Soon Alan graduated from college and found a job at NoviTech, leaving his deck behind him, beneath the bed with the bedsheet covered with rocketships. His job at NoviTech was to detect hackers. They treated him so well, gave him a corner office surrounded by lots of glass and lights and mirrors, all lush and extravagant. But he knew enough about illusions to know it was all for show.
Each day he was assigned a different project, a different offender. He would track them down, follow their cyber trails that they all had tried so hard to cover up. He’d find each one by noon the next day, and they would be jailed within twenty four hours, all the vandals and bandits who had been out there terrorizing NoviTech’s different banks and stores, tearing apart code and hijacking customer accounts. And to him it was easy, effortless; still, NoviTech’s higher ups treated him like gold. The police trusted him so much that they didn’t even bother investigating anymore; he gave the word and the person was arrested, twenty five to life.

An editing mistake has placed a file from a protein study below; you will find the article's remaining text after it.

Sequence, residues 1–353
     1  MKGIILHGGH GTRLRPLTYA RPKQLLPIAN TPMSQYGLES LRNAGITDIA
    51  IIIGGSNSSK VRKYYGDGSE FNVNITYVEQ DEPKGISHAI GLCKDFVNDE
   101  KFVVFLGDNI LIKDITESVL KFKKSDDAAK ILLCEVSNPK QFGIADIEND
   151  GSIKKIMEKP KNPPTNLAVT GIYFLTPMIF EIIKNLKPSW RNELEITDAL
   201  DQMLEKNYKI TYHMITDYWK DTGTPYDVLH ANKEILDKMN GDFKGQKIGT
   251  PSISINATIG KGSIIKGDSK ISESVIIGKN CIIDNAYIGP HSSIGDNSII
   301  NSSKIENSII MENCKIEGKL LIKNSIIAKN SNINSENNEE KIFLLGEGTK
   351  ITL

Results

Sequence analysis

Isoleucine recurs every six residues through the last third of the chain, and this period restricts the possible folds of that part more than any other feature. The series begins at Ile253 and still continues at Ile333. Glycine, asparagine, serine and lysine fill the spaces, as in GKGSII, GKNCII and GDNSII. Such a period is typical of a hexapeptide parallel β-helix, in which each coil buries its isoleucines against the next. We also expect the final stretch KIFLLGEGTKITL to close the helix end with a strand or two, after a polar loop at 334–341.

They kept his salary inflated enough where he would not complain about the hours they made him work. So he moved to an upper class gated community, bought a four floor mansion with fifty-two rooms. It was all just a game to him—he would order the workers over here, build up this, add this—they were like mice, obeying his every word, sent running by the extension of his finger.
One day, as the workers built skylights into the ceiling of Alan’s bedroom, they found a piece of blue ribbon sticking out from beneath the bed with the rocket ship bedsheets. It was a deck of cards; extremely worn, but still functional. The men scratched the stubble on their chins, holding up the botched ace of spades. It seemed to connect somehow with the framed article on the wall, the one about a talent show.
They called him up; Alan walked up all four flights of stairs, groaning. It seemed so long ago he had been in this room, had lifted up the bedsheet to take out the cards once more. They were excited, eager to see Alan perform for them. He shrugged, settling on showing them the classic Time Shift, just for old time’s sake.
And in that moment when the cards finally passed through his hands once more, he felt new blood rush through him. The world seemed to be bright again. The silver moon shined in through the newly-created skylights, illuminating his blue bedsheets, his red dresser, and the brown stucco wall. Outside he could see it reflecting off the metal umbrellas and plants and rocks. And it all seemed to be shining on him, all towards him.